Guiding Routines

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It's the Little Things

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Guiding Routines

  1. 1. Guiding Routines and Group Activities It’s the Little Thigs
  2. 2. Unit Overview and Objectives <ul><li>This unit will help you to: </li></ul><ul><ul><li>Understand the general principles related to handling daily routines in a healthy way </li></ul></ul><ul><ul><li>Acquaint you with the elements of a good, full-day schedule </li></ul></ul><ul><ul><li>Provide strategies for carrying through smooth transitions </li></ul></ul><ul><ul><li>Learn to be sensitive when handling parent-child separation </li></ul></ul><ul><ul><li>Learn about sound nutritional planning that incorporates family values </li></ul></ul><ul><ul><li>Learn about what constitutes wholesome attitudes toward toileting and napping </li></ul></ul>
  3. 3. Developmentally Appropriate Practice <ul><li>“ Teachers set clear, consistent, and failr limits for children's behavior and hold chidlren accountable to standards of acceptable behavior. To the extent that chidren are able, teachers engage then in developing rules and procedures for behavior of class members” </li></ul><ul><ul><li>Developmentally Appropriate Practice, Bredekamp & Copple, 1997, p. 19 </li></ul></ul>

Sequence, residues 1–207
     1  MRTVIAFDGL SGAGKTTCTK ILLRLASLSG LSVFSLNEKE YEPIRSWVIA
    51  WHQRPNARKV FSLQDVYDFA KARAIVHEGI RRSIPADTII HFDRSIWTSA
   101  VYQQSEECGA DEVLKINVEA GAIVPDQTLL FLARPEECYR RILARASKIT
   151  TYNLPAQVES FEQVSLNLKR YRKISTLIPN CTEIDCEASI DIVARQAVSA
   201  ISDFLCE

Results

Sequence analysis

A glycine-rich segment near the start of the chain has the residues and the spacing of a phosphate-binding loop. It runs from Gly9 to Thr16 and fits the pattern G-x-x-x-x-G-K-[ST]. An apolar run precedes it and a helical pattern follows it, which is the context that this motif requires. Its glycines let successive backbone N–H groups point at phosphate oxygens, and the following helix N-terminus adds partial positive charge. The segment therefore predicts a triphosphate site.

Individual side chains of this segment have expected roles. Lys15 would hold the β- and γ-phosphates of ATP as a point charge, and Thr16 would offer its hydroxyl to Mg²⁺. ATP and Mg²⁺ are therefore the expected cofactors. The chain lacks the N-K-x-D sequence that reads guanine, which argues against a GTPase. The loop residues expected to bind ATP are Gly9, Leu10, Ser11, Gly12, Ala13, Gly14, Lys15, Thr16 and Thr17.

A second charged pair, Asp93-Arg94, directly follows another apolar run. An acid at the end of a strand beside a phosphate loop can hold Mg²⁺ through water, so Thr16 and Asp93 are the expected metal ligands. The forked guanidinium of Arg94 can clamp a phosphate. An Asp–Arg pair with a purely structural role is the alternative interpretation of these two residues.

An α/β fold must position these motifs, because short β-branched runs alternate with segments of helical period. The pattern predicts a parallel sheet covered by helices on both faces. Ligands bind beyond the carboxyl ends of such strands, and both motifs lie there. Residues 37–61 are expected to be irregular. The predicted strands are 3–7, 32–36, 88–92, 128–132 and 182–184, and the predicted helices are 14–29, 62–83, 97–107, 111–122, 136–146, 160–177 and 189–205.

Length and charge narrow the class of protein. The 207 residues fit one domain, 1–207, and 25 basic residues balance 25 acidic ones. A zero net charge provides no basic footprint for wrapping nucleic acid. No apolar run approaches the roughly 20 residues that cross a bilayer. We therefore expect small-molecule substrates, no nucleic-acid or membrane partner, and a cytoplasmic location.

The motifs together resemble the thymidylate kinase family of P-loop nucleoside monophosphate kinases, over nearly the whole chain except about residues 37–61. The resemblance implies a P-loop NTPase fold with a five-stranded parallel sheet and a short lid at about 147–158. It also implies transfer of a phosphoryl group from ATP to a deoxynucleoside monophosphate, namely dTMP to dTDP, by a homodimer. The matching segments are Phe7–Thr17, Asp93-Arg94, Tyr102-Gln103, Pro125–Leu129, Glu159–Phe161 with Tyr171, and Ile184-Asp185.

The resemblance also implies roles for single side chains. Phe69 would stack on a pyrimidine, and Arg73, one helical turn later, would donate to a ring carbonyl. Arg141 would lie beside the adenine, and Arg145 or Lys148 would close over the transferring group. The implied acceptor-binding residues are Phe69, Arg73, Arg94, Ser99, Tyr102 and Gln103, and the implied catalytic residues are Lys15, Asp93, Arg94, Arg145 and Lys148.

4. 4. Arrival and Departure <ul><li>When they are dropped off at school, children are not always ready for their parents to leave. </li></ul><ul><li>Factors affecting the ease of arrival at school can include: </li></ul><ul><ul><li>The child’s general enjoyment of school </li></ul></ul><ul><ul><li>The security of the child’s attachments </li></ul></ul><ul><ul><li>Separation anxiety </li></ul></ul><ul><ul><li>Stranger anxiety </li></ul></ul>
  5. 5. In any program, it is important for a child and her family to feel welcomed individually. Imagine going to a restaurant and not having anyone acknowledge the fact that you have arrived. Do they even know I’m here? Additionally, it is important for the parent to feel acknowledged. A warm, welcoming “hello, how was your morning?” can do wonders for the quality of the separation Make sure parent say goodbye to their children. Although it might be easier in the short term for parents to “sneak out”, it always backfires. Imagine going to a party with your significant other. You feel fine as long as they are there, then you look up and they’re gone! How do you feel?
  6. 6. The New Kid on the Block <ul><li>The first few days can be disconcerting and scary for children (and parents!) new to the program. Here a few good tips </li></ul><ul><ul><li>Gradually acclimate the child to the program by having the child visit before being dropped off. If this isn’t possible, urge the family to arrive a little earlier than usual to help the child settle in </li></ul></ul><ul><ul><li>Try to have one designated teacher to be available to welcome and spend time with a new child </li></ul></ul><ul><ul><li>Use other, more “experienced” children to help ease the child into a new program </li></ul></ul>